Joe Biden’s low point: Can the president revive his waning popularity?

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Even for a White House familiar with roadblocks and frustration, Thursday’s setbacks to vaccination mandates and voting rights were hammer blows.

In addition to the immediate derailment of two key political tenets of Joe Biden’s administration, the Supreme Court’s vaccine decision, which quickly followed Democratic Sen. Kyrsten Sinema’s public slaying of his voting reform efforts, sparked a new round of questions about whether his presidency was doomed. .

Above all, serious anxieties are currently playing out over what Biden’s woes could mean for the Democratic Party’s fortunes in the midterm elections later this year, when Republicans are called upon to regain control of both houses of Congress.

Related: ‘Democracy at stake’: Biden under pressure to act now on voting rights

With Biden’s public popularity plummeting — in a poll this week to a new low of 33% — and with another centrist Democratic senator, Joe Manchin of West Virginia, having already capsized the president’s flagship national spending plan from $1.75 billion Build Back Better, some analysts say time is running out to impress voters ahead of the November election.

“The whole first year has passed. And in the end, nothing,” said Larry Sabato, founder and director of the Center for Politics at the University of Virginia, referring to long but fruitless discussions with Manchin over the composition of the plan. “Manchin drove him into the pink patch and then threw him into the heather patch. ‘Do you want to change that? You changed that, well, I don’t like this stuff here. Oh, you changed that, well, there’s those two things…'”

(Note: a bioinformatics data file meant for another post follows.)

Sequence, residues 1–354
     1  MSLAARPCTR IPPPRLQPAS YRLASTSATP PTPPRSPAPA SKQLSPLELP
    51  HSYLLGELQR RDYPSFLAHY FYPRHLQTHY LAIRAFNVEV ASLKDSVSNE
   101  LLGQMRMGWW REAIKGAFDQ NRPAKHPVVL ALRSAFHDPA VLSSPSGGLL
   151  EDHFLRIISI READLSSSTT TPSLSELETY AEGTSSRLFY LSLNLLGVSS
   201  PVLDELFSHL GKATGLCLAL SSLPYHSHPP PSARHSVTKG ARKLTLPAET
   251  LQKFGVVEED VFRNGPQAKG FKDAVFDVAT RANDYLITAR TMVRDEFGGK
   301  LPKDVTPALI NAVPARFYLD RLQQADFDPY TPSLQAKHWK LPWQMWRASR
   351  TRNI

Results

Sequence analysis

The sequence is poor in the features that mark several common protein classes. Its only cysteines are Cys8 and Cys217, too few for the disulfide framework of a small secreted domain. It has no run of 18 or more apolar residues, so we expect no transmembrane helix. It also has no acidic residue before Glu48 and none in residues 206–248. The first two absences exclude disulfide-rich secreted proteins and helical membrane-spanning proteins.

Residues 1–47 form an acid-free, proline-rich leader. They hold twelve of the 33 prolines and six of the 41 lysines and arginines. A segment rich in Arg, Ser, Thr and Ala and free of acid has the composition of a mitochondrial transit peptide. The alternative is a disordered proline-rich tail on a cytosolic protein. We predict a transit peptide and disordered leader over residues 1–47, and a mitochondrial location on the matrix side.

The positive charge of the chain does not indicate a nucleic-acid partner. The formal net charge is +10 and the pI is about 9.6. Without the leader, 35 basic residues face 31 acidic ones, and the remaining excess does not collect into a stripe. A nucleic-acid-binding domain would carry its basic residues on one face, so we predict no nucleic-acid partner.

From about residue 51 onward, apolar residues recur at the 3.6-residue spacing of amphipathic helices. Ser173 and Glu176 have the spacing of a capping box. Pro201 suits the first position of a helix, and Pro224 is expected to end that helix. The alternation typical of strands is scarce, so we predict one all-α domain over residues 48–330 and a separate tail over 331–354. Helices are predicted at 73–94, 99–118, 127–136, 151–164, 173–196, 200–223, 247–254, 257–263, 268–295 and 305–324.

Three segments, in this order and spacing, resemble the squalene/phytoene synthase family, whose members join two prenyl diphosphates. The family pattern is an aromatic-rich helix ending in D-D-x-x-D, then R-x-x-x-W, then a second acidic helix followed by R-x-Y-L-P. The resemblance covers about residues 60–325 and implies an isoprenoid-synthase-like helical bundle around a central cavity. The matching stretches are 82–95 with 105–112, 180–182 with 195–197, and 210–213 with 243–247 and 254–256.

Sabato added, “But the voting rights debacle is the worst of all because why did Biden get elected if not people wanted to get rid of Trump? This was because he was seen as experienced and competent. What experience got us exactly? I just don’t understand how we got here.

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Many of Biden’s misfortunes, Sabato said, are not directly his fault. He has made repeated efforts to change the minds of both Manchin and Sinema, most recently during seemingly unsuccessful late-night talks at the White House on Thursday in a bid to salvage his program.

But Sabato also believes that the president’s handling of various situations and the misdirection of advisers, particularly regarding the Covid-19 pandemic, runaway inflation and last year’s chaotic withdrawal from Afghanistan, have combined. to expose Biden.

Of inflation, Sabato says, “Biden’s team just missed it, they got it wrong, and they probably continue to get it wrong. They minimize it and they will tame it by the middle of the year. Maybe, but I’ll be surprised.

On Afghanistan, Sabato said, Biden “threw it again.”

“It could have been a big plus if it had been handled properly, because just about everyone – Democrat, Republican – was more than willing to leave Afghanistan. It was a very poor performance from his team. They couldn’t know what was going to happen? He is responsible for his advisors, so we can blame him.

On Friday, White House press secretary Jen Psaki announced that the president would hold a rare official press conference next Wednesday to mark his first year in office. In addition to answering tough questions about the administration’s failures, Biden will talk about his successes, namely the $1 billion infrastructure bill he signed into law in November and the Covid relief plan of $1.9 billion from last spring.